Published by Penguin Teen Australia on 1st February 2016
Boffins, Dymocks, Booktopia
If fourteen-year-old Kirra is having a mid-life crisis now, then it doesn't bode well for her life expectancy. Her so-called friends bully her, whatever semblance of a mother she had has been drowned at the bottom of a gin bottle ever since her dad left them for another woman, and now a teenage ghost is speaking to her through a broken phone booth. Kirra and the ghost make a pact. She'll prove who murdered him almost twenty years ago if he does three things for her. He makes her popular, he gets her parents back together, and he doesn't haunt her. Things aren't so simple however, and Kirra realises that people can be haunted in more ways than one.
Yellow was, for me, a complete surprise of a novel. I hadn’t expected to read it just yet, but fellow blogger friend Tanieka from Young Adult At Heart had been raving about it, and after meeting Megan at the #YASquad2016 tour, I decided I needed a fresh new contemporary to read.
And I got it.
There’s so much about this book that I feel just resonates with the heart of what it’s like to be a teenager at a delicate point in life. As readers, our focuses tend to shift as we grow older in terms of what we read. While Young Adult definitely still takes precedence on my shelf, I’ve exposed myself to other genres of fiction, and I’ve found myself gravitating away from narrators who are younger than a certain age because I feel like I can’t connect with them on a certain level.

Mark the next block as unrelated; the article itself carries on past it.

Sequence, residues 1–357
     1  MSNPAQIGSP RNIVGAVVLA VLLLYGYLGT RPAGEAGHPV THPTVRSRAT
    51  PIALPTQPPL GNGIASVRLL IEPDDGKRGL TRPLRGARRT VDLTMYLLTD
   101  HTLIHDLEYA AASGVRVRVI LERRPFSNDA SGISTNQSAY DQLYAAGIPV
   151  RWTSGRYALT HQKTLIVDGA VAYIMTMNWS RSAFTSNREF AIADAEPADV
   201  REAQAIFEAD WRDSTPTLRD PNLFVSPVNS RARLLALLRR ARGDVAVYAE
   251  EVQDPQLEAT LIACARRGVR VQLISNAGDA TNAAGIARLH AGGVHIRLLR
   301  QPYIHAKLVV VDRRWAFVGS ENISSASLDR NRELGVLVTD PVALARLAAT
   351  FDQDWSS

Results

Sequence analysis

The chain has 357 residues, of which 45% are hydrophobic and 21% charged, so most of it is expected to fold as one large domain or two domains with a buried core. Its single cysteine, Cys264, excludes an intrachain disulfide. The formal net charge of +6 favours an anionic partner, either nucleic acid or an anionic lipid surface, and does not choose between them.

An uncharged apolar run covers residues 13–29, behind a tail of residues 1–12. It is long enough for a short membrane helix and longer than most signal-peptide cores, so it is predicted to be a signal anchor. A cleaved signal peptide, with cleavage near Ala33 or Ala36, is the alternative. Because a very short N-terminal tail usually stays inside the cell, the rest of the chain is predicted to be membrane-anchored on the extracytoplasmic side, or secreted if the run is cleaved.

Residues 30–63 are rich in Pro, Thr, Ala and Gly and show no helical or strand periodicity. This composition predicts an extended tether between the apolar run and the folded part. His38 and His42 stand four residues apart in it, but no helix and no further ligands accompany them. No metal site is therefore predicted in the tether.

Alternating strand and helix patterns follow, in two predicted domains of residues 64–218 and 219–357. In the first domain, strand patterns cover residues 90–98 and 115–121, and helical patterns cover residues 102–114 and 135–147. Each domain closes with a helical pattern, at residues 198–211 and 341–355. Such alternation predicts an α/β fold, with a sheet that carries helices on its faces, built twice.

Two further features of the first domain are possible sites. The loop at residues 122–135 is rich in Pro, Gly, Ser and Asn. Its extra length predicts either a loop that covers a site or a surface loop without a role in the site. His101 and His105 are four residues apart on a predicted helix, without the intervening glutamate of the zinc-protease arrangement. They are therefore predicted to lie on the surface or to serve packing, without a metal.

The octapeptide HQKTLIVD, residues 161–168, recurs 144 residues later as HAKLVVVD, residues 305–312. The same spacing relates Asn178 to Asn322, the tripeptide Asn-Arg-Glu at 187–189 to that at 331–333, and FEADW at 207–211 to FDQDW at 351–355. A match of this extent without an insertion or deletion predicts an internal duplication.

Yellow knocks that out of the ball park, and Jacobson has this really uncanny way of describing what high school life is like that the trip down memory lane was not quite what I was expecting. I so wish this book was available to me in Year Nine, as it probably would have changed a lot of the way I viewed the world at that age – and I believe it has the impact to empower our teens today.
Kirra comes from a not-so-great world where opportunities aren’t exactly knocking on her door. At 14, she’s burdened with the responsibility of her alcoholic mother while trying to get a worthy education and fit in with her peers at school.
While I wasn’t sold on the “supernatural” aspect of the novel, Boogie, the ghost Kirra communicates with. For most of the book it was all a bit misplaced, however I loved how Jacobson was able to reinforce the idea that it is up to you – and you alone – to shape who you are.
I honestly can’t wait to see what Jacobson comes up with next, because Yellow was such a powerful debut, with a message that goes beyond the idea of self-worth and touches on every day young adult problems such as bullying and education.
And to that I say, #LoveOzYA is on fire this year.